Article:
The Dome has fallen, and it might not get back up

20101212_collapsed-metrodome4.jpgIncoming Metropolitan Sports Facilities Commission chair Ted Mondale acknowledged for the first time today that the Metrodome might not be ready even for the Vikings season later this year.

At his first official meeting of the commisson this morning, he said an engineering study of the damage done by the roof’s collapse could require the replacement of the entire roof — a process that could take six months. The study is still underway.

The Vikings’ schedule isn’t finalized until April, but the lengthy consideration of the roof project means a roof job could theoretically run into August, when the Vikes typically open their home exhibition season in the Dome.

Asked whether it was practical to re-roof the stadium, even as the Legislature debates its replacement, Mondale said insurance is likely to cover all but about $25,000 of the repairs. In short, they’re getting a mulligan. Previous estimates of a roof job have run upwards of $15 million.

Interestingly, the commission this morning also approved a project to reconfigure the acoustic liner under the center of the roof. Facilties manager Steve Maki said a sheet under the center section of the outer shell will be replaced with vertical baffles — intended to better conduct heat up onto the roof, melt more snow and prevent another collapse.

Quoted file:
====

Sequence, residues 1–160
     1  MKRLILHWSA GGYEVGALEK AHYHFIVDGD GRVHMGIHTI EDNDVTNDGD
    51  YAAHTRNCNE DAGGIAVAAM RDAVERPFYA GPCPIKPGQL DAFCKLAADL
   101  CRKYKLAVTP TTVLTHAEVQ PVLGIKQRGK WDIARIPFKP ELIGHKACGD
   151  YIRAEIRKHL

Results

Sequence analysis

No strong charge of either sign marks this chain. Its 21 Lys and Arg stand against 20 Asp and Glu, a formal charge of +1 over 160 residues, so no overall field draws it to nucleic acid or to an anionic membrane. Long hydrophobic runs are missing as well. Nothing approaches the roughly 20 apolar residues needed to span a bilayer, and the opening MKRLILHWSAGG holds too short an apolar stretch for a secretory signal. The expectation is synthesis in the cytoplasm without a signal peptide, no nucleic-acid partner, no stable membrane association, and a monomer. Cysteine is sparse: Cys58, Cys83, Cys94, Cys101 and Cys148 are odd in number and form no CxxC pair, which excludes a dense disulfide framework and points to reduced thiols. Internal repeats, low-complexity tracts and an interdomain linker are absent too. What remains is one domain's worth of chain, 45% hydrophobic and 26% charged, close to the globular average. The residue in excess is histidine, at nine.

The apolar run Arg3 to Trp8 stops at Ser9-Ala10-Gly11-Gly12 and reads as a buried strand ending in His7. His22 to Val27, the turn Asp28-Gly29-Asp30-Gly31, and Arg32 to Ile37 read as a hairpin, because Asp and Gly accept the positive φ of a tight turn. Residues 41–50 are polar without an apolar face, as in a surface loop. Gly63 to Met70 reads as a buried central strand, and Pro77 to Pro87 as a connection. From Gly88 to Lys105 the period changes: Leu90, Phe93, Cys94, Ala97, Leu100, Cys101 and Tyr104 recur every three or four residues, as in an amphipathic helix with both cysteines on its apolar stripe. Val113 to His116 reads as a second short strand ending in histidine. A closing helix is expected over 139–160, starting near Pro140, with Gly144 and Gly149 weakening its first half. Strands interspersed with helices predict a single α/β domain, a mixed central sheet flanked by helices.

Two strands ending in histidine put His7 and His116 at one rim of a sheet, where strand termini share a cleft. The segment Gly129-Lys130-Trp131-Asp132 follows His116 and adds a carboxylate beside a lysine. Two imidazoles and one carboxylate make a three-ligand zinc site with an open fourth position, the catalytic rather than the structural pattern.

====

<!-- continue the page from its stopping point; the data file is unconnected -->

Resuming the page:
All of that is pointing to some life for the Metrodome after the Vikings’ contract to play there expires next season — even though the MSFC commission itself once proposed tearing the thing down as soon as 2012 to build Metrodome Next.

Mondale said he was meeting with lawmakers starting this afternoon to talk about a stadium bill for the Vikings. He offered no new details.

Team vice president Lester Bagley watched today’s meeting from the second row of seats, but didn’t have much to say beyond “Ted Mondale is an excellent choice” for MSFC commission chair and “We’ll see” regarding the team’s home field.

Mondale said Gov. Mark Dayton “isn’t interested in an approach like last session,” when the stadium bill got perfunctory hearings in the waning days of the 86th Legislature. “The governor is saying very clearly that this is the year.”

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